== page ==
Now that I've got you excited, I would like to ask for assistance. The KDE Commit-Digest has been a success by any measure, and I think contributed to the KDE project. The problem I'm having is keeping up with the above described torrid pace of development. There is too much happening for me to keep familiar with, on top of trying to maintain an increasingly complex application and server. If someone would like to help, drop me a line. You can have the unique and satisfying opportunity of serving a growing developer base. Remember though, the primary feature of the Digest is it's regularity.
Tuesday, August 02, 2005
Gnome vs. KDE Round ?
Here we go again. Another round. But this time seems lacking a certain je ne sais quoi. Where are the ad hominem attacks? No one questioning the other's sanity, morality, manhood or coding ability? Is this what it has come to; whining about column inches?
Maybe a realization is sinking in. There are and will be two major free desktops. Wishing KDE/Gnome would go away isn't going to make it happen. Choosing favorites is fine as a developer or user, but anyone who depends on developers and users can't afford to piss off half the developer/user base. We have two healthy development communities actively improving their software. The userbase for both desktops are growing. Both are maturing into useful and full featured desktops. They both represent different visions, development styles, organisational and infrastructure styles. Both attract different sponsors and users. And both communities churn out amazing quantities of good quality code. And both are providing employment opportunities for developers.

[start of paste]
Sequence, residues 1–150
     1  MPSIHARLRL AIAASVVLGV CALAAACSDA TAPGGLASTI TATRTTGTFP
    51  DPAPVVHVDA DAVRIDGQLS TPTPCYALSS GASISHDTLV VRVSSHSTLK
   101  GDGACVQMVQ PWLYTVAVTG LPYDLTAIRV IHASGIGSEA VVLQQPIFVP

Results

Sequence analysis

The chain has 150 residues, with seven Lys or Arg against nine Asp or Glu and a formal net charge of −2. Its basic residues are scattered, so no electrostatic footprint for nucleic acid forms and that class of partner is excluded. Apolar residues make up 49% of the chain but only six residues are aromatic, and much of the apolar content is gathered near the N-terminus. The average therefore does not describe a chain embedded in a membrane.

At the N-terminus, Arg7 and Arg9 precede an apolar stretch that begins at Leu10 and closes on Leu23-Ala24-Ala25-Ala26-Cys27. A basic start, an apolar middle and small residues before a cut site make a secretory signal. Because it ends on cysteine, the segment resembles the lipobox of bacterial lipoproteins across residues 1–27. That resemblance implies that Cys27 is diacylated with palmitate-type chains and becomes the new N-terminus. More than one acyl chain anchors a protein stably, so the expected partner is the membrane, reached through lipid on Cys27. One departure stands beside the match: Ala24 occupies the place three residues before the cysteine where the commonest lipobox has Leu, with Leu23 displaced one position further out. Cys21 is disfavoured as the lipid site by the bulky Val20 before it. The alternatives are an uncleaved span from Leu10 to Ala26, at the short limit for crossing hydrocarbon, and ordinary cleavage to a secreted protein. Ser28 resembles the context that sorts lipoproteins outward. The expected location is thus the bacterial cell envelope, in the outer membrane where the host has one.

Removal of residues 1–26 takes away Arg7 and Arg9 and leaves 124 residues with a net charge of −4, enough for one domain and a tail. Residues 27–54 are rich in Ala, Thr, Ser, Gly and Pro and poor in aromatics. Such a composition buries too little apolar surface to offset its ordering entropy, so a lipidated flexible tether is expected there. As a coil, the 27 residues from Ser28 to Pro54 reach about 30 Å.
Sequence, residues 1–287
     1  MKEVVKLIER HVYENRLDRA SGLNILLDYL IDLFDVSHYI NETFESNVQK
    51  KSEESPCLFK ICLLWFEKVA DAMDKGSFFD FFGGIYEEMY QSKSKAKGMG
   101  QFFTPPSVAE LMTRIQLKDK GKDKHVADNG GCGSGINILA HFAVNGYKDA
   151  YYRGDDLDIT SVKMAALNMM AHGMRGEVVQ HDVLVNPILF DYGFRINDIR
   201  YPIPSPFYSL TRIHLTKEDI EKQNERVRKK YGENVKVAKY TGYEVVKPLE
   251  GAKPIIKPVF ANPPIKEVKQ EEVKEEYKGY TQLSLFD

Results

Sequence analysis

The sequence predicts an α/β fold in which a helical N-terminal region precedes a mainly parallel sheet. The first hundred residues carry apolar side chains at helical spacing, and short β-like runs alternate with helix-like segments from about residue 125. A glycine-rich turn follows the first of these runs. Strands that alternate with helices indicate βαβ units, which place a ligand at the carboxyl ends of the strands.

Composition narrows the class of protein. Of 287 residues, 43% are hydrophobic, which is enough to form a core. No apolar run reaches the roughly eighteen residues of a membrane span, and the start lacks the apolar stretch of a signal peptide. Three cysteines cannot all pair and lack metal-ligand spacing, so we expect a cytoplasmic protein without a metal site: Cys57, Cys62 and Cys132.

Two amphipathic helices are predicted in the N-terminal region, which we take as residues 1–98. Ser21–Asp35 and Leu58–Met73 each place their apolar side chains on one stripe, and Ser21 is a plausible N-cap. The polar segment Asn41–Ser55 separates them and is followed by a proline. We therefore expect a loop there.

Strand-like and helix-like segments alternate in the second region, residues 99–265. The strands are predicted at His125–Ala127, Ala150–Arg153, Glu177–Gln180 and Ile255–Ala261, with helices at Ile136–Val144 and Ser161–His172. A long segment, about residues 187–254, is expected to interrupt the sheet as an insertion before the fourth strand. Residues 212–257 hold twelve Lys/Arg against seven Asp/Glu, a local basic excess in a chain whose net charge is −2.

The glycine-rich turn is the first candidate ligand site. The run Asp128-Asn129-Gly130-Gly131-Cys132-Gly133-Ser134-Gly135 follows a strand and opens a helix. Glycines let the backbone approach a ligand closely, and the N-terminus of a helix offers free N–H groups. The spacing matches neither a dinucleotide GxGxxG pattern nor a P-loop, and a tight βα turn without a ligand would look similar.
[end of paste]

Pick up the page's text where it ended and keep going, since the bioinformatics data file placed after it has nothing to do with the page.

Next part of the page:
This is good.